(CN) – With the Trump administration taking a hard look at scaling back some of the national monuments set aside by previous presidents, a new study reveals that protected marine environments can provide a bulwark against climate change.
Researchers at York University published a study Monday that argues Marine Protected Areas help both oceans and humans adjust to climate change in five key areas – ocean acidification, sea-level rise, increased intensity of storms, shifts in species distribution and the potential for decreased productivity and availability of oxygen.
“Many studies show that well-managed marine reserves can protect wildlife and support productive fisheries, but we wanted to explore this body of research through the lens of climate change to see whether these benefits could help ameliorate or slow its impacts,” said lead-author Callum Roberts, a professor with York University Environment Department. “It was soon quite clear that they can offer the ocean ecosystem and people critical resilience benefits to rapid climate change.”
The study, published in Proceedings of the National Academy of Sciences, used other peer-reviewed studies on Marine Protected Areas and analyzed them through the lens of climate change.
The researchers found such reserves can promote long-term carbon storage, particularly in the form of coastal wetlands, which can also provide a barrier against rising seas and ocean acidification.
Current protections, which have been extended significantly in recent years, still only apply to 3.5 percent of the world’s oceans, and defend just 1.5 percent from economic exploitation such as natural resource extraction or fishing.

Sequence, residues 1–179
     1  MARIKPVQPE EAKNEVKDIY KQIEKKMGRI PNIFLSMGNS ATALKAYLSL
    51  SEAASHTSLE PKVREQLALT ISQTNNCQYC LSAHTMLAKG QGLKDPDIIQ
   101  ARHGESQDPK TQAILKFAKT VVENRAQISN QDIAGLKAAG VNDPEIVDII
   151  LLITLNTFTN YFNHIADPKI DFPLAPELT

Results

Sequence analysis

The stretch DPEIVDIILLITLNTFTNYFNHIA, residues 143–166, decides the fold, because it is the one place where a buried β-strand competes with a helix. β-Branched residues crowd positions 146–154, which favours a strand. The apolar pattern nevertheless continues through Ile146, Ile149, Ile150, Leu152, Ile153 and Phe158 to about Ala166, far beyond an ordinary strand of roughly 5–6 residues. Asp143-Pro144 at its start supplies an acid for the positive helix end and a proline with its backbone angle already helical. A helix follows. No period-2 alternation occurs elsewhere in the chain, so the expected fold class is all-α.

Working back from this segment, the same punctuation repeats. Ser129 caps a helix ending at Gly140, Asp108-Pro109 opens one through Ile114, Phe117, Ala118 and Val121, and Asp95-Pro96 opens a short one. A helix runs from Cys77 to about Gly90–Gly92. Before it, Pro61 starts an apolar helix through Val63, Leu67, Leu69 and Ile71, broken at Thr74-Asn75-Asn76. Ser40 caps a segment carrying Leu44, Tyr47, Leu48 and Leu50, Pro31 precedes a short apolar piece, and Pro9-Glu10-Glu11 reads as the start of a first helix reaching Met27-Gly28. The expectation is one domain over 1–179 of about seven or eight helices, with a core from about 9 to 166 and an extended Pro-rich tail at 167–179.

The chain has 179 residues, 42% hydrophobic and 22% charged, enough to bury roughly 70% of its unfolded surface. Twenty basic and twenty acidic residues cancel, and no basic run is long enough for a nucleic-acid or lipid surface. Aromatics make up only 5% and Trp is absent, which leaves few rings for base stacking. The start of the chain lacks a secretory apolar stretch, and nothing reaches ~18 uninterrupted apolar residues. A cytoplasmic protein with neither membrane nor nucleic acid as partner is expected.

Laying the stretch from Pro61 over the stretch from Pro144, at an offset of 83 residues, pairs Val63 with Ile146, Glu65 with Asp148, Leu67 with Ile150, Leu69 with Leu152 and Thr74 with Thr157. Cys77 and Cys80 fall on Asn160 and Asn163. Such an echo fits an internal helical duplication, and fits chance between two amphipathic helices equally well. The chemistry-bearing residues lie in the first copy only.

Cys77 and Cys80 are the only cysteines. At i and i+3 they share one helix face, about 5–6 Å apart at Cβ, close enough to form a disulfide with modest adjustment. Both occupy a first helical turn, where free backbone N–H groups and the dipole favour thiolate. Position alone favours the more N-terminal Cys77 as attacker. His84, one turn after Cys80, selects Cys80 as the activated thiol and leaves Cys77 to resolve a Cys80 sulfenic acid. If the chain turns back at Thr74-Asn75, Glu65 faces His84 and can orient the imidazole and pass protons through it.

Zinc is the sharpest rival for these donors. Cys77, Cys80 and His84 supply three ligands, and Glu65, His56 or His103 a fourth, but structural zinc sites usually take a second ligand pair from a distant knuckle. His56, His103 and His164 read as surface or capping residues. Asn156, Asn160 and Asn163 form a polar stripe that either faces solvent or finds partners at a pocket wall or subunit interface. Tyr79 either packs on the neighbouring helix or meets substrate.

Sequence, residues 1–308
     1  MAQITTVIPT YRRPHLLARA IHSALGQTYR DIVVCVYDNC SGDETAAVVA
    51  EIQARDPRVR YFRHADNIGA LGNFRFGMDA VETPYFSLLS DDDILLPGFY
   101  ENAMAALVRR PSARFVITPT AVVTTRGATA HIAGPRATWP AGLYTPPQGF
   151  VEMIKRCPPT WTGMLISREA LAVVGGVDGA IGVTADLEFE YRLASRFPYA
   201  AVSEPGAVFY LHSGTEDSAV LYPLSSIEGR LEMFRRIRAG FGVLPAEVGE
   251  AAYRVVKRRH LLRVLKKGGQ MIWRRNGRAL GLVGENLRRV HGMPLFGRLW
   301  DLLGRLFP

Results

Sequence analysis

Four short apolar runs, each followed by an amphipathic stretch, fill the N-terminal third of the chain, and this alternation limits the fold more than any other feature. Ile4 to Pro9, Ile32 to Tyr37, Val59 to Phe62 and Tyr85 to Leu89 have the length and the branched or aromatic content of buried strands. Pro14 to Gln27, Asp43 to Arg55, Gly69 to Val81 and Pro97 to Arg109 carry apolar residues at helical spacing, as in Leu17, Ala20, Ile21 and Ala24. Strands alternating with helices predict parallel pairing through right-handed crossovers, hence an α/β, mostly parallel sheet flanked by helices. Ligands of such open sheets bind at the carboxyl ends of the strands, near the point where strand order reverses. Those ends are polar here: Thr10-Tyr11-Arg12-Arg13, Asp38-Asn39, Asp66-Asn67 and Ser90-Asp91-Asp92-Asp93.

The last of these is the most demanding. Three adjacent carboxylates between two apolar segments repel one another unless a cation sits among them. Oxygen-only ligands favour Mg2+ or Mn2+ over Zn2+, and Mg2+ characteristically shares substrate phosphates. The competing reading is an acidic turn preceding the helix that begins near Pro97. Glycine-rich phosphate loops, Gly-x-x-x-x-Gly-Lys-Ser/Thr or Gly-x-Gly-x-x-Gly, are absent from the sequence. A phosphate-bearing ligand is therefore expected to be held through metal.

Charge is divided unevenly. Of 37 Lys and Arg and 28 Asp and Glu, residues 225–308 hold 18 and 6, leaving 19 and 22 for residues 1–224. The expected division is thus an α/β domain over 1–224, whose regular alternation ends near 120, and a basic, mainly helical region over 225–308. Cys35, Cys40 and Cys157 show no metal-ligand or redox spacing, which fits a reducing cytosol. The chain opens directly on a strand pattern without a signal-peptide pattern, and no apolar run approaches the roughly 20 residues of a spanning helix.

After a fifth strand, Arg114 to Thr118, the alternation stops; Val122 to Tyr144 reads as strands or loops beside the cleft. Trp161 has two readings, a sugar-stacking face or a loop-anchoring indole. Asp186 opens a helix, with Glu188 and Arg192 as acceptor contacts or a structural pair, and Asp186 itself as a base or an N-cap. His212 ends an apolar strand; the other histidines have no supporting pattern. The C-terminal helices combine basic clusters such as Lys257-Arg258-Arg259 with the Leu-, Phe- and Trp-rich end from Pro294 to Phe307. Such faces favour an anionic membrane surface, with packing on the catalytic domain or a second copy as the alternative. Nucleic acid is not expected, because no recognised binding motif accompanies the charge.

Overfishing and other depredations to various oceanic species requires sanctuaries, where species can go to recover, breed and restore the health of their populations, the study found. But beyond mere conservation principles, such reserves also help store carbon, mitigate sea-level rise and help serve as a bulwark against the increased severity of storms that many scientists anticipate will occur as a result of a changing climate.
“We were keenly aware that marine reserves can increase species’ abundance and help alleviate food scarcity, but our evaluation showed reserves are a viable low-tech, cost-effective adaptation strategy that would yield multiple co-benefits from local to global scales, improving the outlook for the environment and people into the future,” said co-author Beth O’Leary, a research fellow at York.
Former President Barack Obama greatly expanded the Papahanaumokuakea National Monument during his last year in office, creating the largest marine ecological preserve in the world. During the same year, Obama also designated the Northeast Canyons and Seamounts Marine National Monument, the first such monument to be designated in the Atlantic Ocean.
Since assuming office, President Donald Trump’s Interior Secretary Ryan Zinke said the department will review 27 monuments in the American West, one in Maine and five marine preserves to determine whether those monuments were designated “without adequate public outreach and coordination with relevant stakeholders.”
Both the Papahanaumokuakea and Northeast Canyons and Seamounts monuments will be reviewed by the department, with the Marianas Trench, Pacific Remote Islands and the Rose Atoll monuments also up for review by the department.
Monday’s study argues governments and resource managers should be increasing the amount of conserved ocean space rather than exploring scale-backs.
The authors call for setting a target of conserving 30 percent of marine areas, which would require several more large-scale preserves as well as international cooperation.